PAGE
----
The present invention has two MIDI output jacks, comprising a first MIDI output jack 201, and a second MIDI output jack 203. The first MIDI output jack 201 is a full-time output for the default velocity curve, while the second MIDI output jack 203 may send the default velocity curve, or if the velocity switch 33 is enabled (it has a velocity switch LED 46 to indicate that it is activated) the MIDI information stream is routed through the MIDI velocity converter 198 and back to the switched output jack. The MIDI velocity converter 198 may be attached to the back of the MIDI controller pedalboard 11 by an adhesive such as hook and loop material (Velcro) or other such adhesive methods, and an electrical connector so that it may be removed and taken to a computer for programming. The converter may be programmed for different velocity output curves, including a constant output number or other variable curves on each of the 16 MIDI channels. An example of how it may be programmed would be for it to send a fairly high fixed level output velocity number (in the 90's on a MIDI scale of 0 to 127) on channels 1 and 2 and a medium fixed level velocity number on channels 3 and 4, and a lower velocity number on channels 5 and 6. This would allow the user to access different fixed velocity output levels by changing MIDI channels.
When the velocity switch 33 is switched to positive, current flows through a 680 ohm resistor 138 and through the velocity switch LED 46 to ground, thus lighting the velocity switch LED 46 to indicate that the velocity converter is being employed. The first two RCA 4066 bilateral switches 114 close, and the third RCA 4066 bilateral switch 114 opens as the control voltage terminal is now connected to ground. This allows the converted velocity MIDI stream to be connected to the switched MIDI output jack 203 of the motherboard 196.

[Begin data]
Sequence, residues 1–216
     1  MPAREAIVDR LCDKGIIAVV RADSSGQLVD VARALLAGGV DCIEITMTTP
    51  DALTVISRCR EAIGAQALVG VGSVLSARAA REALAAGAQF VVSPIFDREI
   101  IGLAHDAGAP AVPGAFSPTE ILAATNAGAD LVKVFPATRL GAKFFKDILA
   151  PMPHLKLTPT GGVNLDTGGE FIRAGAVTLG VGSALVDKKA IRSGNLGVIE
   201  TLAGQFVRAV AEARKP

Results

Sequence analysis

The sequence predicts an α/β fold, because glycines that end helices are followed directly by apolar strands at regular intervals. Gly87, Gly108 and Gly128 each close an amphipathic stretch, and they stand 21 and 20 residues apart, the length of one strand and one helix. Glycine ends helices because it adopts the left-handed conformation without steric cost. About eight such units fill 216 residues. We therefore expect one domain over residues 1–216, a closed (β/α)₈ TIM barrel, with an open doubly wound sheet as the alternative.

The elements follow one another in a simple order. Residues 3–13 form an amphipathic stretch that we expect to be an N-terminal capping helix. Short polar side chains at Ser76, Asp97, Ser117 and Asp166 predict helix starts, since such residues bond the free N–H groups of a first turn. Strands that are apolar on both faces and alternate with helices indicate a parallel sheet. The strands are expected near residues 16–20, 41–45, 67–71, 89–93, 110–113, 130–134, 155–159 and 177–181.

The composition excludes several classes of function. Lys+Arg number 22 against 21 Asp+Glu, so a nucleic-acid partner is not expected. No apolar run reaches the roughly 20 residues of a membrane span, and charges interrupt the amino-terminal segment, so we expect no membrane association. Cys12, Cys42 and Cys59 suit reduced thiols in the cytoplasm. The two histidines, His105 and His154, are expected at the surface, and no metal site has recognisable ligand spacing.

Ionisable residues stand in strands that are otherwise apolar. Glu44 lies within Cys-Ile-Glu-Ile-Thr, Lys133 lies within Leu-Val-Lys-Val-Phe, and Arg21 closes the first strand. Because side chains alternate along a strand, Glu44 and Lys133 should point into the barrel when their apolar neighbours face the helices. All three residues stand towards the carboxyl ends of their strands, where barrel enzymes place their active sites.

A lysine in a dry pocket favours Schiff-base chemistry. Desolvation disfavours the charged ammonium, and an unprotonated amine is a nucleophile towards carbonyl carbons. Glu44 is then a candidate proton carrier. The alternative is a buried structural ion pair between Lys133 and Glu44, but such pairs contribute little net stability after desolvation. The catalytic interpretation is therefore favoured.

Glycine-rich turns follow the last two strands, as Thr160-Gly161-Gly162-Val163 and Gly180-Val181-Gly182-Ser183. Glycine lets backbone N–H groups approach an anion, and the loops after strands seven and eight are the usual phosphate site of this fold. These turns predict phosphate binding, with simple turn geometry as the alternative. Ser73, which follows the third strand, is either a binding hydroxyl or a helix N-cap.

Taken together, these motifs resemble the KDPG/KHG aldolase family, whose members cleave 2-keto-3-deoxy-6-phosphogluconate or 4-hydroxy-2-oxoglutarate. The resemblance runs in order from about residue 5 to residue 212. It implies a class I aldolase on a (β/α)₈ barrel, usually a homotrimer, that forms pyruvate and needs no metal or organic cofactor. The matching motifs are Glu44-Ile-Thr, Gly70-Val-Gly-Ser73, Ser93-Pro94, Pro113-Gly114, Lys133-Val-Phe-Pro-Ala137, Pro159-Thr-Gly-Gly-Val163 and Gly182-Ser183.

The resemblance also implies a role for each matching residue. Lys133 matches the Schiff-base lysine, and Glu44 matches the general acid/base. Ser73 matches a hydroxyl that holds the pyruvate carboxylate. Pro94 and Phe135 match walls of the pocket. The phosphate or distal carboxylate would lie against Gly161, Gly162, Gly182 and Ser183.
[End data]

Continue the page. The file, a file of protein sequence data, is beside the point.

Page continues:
The first objective is accomplished when one of the normally open function switches closes and connects the positive voltage via a 2K ohm resistor 209 to the control voltage terminal of a bilateral switch 114. This bilateral switch 114 was previously an open switch due to the negative biasing of the control voltage terminal though a 100K ohm resistor 134 connected to ground 132. This bilateral switch 114 now closes, completing the circuit at the motherboard for its particular function.
The second objective is accomplished in substantially the same manner for all functions (program, channel, control and transpose). When a function switch closes, positive voltage is transferred through a diode to the control voltage terminal of a first bilateral switch 205 and closes that bilateral switch. This first bilateral switch 205 was previously an open switch due to the negative biasing of the control voltage terminal through a 100K ohm resistor 134 connected to ground 132. This first closed bilateral switch 205 now connects ground 132 to the control voltage terminal of a second bilateral switch 207 that was previously closed (due to a positive biasing of its control voltage terminal through a 100K ohm resistor 134) and opens it. As a result the 16′ bank switch 17, 8′ bank switch 19, or 4′ bank switch 22 is disconnected from the bank routing bus so that they have no effect on the bank routing bus polarity. What happens from this point depends if this particular bank is to be selected (positive to the bank routing bus) or deselected (negative to the bank routing bus). If the bank is to be selected, positive will be connected via a diode from the control voltage terminal of the first bilateral switch 205 and a 2K ohm resistor 209 (and for the 16′ and 8′ bank routing bus circuits employing the control and transpose functions through another normally closed second bilateral switch 207) to the bank routing bus. If the bank is to be deselected, negative will be connected via a diode and two 2K ohm resistors 209 from the control voltage terminal of the first bilateral switch 205 (and for the 16′ and 8′ bank routing bus circuits employing the control and transpose functions through another normally closed second bilateral switch 207) to the bank routing bus. In all cases when activating a function switch the 4′ bank will be deselected causing its routing bus to have a negative (or grounded) polarity.